To learn more or register, visit the official Eventbrite page or contact Kate Gallagher – ksg@sandiegobusiness.org.

 

 

 

October 20, 2017

Strengthening ties between San Diego and the U.K., Congressman Scott Peters (CA-52) and World Trade Center San Diego led a delegation to London and Cambridge, United Kingdom from October 16 – 19. Check out #SDinUK for the inside scoop.

Rep. Peters and World Trade Center San Diego were joined by more than two dozen San Diego delegates from Cubic Transportation Systems, Qualcomm, San Diego Gas & Electric, Edico Genome, Takeda California, NuVasive, Forge Therapeutics, BioMed Realty, Alexandria Real Estate, Biocom, UC San Diego, San Diego State University and others. 

Over the course of the three-day trade mission, two significant announcements, representing both the smart cities and life sciences space, were made.

San Diego became the first west coast city to enter London’s Business Welcome Programme. As part of the agreement inked between World Trade Center San Diego and London & Partners, London Mayor Sadiq Khan’s official economic development and tourism agency, London-based companies will have access to up to three months of free space at WeWork San Diego, as well as a suite of other services designed to accelerate their ability to grow in San Diego.

Continually, San Diego-based Forge Therapeutics announced the launch of BLACKSMITH, a new platform being developed in partnership with Evotec AG’s U.K. team. With more than 23,000 people dying in the U.S. annually due to resistance to anti-biotic superbugs, Forge’s new platform will aid in bringing lifesaving drugs to the market. The partnership will also enable Forge to create additional jobs in San Diego.

Additionally, Rep. Scott Peters and the delegation met with and spotlighted the following companies and held additional meetings and panels to expand on the following topics:

  • San Diego-based Cubic Transportation Systems (CTS) and its partnership with Transport for London (TfL). During this event, leaders heard from CTS’ president Matt Cole and TfL’s CTO Shashi Verma on how the collaboration moves millions of people across London daily.
  • An MOU signing between Biocom and OneNucleus, both trade organizations that represent the life sciences sector in their respective locations, to strengthen partnerships.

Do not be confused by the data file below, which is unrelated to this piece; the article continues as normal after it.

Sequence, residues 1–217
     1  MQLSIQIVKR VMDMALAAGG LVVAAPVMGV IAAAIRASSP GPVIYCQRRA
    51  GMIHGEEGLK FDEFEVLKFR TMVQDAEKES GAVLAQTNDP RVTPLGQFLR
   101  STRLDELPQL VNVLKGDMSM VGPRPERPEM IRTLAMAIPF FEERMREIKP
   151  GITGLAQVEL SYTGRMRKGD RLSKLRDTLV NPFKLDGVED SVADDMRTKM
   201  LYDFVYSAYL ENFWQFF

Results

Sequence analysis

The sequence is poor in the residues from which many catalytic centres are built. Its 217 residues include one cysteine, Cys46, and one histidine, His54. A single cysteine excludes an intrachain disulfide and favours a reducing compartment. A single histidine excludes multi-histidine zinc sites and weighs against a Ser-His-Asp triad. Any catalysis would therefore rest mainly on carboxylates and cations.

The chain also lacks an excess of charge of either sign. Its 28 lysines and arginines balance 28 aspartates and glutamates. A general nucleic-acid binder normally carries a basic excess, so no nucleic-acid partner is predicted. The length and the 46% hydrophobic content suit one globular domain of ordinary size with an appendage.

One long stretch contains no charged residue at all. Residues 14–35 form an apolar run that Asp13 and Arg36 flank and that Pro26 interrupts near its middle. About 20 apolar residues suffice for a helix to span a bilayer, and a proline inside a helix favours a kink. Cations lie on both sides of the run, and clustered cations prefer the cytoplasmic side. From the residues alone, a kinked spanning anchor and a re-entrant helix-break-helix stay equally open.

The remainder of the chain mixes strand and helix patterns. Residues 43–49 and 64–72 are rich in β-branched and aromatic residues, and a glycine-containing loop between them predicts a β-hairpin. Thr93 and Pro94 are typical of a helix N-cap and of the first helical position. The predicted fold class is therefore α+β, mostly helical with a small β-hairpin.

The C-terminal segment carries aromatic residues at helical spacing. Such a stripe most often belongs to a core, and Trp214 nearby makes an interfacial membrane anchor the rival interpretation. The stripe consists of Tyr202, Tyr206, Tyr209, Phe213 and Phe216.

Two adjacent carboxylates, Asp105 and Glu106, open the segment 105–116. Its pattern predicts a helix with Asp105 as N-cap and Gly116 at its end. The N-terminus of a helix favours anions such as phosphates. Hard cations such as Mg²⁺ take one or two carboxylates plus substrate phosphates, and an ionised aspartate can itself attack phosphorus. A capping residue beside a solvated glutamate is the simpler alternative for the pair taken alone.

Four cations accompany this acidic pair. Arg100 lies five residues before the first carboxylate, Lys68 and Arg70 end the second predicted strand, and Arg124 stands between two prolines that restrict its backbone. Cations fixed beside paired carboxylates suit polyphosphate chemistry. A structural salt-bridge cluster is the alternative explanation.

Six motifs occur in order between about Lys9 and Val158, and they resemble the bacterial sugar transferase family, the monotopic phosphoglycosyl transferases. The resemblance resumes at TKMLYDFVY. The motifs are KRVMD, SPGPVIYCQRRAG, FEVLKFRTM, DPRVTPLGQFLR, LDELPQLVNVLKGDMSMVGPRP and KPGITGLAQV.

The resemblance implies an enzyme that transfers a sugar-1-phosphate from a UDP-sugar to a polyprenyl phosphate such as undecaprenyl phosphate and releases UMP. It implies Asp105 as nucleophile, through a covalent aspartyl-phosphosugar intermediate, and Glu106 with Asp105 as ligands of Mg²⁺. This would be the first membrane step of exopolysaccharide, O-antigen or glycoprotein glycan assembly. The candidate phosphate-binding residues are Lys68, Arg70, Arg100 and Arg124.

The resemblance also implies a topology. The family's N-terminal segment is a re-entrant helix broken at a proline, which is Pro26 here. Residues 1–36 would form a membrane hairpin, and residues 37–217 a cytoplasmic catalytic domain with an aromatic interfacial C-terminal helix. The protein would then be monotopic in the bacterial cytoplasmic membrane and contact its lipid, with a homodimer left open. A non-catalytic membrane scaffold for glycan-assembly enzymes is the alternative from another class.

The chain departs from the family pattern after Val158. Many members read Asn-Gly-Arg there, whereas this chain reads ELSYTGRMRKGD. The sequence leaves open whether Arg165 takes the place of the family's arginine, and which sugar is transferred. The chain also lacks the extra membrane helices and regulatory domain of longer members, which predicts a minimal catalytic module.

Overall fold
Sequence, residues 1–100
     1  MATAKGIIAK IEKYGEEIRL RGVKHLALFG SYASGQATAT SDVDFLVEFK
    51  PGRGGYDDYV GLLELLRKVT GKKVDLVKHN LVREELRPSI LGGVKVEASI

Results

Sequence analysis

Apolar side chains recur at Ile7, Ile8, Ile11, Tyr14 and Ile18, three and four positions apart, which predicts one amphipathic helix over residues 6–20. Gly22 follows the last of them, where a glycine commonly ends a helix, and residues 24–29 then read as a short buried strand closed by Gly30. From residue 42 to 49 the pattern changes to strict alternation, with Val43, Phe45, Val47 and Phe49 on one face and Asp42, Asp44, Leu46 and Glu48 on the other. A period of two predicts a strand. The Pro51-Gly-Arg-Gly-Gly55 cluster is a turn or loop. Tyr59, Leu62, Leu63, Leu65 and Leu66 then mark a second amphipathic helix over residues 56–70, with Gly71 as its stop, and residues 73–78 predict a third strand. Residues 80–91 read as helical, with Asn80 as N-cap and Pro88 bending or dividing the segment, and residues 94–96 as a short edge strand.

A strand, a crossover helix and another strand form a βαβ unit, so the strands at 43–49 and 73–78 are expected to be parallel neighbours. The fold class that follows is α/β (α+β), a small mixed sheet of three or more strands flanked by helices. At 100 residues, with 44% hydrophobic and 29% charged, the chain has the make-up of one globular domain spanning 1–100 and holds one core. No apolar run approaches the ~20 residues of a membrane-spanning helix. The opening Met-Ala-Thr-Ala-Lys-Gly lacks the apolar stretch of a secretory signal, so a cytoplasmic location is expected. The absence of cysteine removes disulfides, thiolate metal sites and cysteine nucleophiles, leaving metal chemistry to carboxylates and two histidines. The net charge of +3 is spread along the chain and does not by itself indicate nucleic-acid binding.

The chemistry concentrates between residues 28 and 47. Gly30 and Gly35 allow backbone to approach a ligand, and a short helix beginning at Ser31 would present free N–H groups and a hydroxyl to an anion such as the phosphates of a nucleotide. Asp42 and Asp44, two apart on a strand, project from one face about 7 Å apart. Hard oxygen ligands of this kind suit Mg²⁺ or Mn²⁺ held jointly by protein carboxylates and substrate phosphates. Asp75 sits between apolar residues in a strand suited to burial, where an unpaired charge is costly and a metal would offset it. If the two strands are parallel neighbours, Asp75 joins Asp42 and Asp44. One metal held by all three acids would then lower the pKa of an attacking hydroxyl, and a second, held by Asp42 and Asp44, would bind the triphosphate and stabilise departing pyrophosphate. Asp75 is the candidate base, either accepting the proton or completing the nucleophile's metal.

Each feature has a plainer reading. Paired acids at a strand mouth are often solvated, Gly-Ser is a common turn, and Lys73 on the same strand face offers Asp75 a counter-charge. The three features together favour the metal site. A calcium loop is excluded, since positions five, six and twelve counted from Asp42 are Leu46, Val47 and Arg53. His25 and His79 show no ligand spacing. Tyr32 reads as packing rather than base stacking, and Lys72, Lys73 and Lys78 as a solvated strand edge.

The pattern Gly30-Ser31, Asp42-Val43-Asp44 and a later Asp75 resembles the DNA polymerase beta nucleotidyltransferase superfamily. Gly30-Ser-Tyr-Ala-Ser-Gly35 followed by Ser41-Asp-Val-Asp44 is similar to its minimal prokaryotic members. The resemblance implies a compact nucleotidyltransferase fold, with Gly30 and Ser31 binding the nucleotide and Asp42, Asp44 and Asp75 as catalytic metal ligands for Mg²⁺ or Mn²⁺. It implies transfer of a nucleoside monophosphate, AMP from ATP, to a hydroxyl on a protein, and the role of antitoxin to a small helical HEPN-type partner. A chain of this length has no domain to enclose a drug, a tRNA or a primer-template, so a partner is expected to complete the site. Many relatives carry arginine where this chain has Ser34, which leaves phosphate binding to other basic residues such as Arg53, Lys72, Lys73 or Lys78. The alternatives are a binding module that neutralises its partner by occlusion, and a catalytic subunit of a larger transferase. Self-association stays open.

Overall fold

• A conversation about leveraging electric vehicle technology as a key platform for smart cities in the U.K. with Qualcomm and SDG&E. During the panel, it was announced that Chargemaster, a licensee of Qualcomm’s wireless electric vehicle charging technology, has just opened the world’s first EV Experience Centre in Milton Keynes in the U.K. and is looking to expand elsewhere around the world.
  • A partnership agreement in Cambridge for a ground-up development project by San Diego-based BioMed Realty, comprising 100,000 square feet of laboratory and office space for growing life sciences companies. The partnership launch was attended by newly-elected Cambridgeshire and Peterborough Mayor James Palmer.
  • A tour and best practices exchange with Knowledge Quarter, a one mile area of London comprised of eight higher education institutions, 22 museums and galleries, 34 libraries and archives, 580 research centers, 3,000 scientists, 13,700 academics, 57,000 staff and 98,500 students. Knowledge Quarter is home to companies including The British Library, Google, The Guardian, University of London and others.
  • San Diego-based Edico Genome and a partnership with U.K.-based Congenica. Simultaneously, Edico Genome, in partnership with Amazon Web Services and Children’s Hospital of Philadelphia, set a GUINNESS WORLD RECORD title for “Fastest time to analyze 1,000 human genomes.” The award was presented at the American Society of Human Genetics 2017 Annual Meeting in Orlando.

The U.K. is one of San Diego’s most vital trading partners. U.K.-based companies directly support more than 10,000 local jobs and have poured more than $3.9 billion in greenfield investment (2003-2015) into San Diego’s economy. The U.K. is also one of the top 10 largest export markets for San Diego-produced goods and services.

The trade mission was organized by WTC San Diego, with assistance and support provided by the U.K. Department of International Trade.

January 24, 2017

A 295,000 square foot addition to your home may not be on most people’s minds, but for a company with Illumina’s ambition, its par for the course. And today was yet another one of those days at one of San Diego’s largest life sciences companies. It also marked the culmination of a dynamic collaborative partnership to get things done.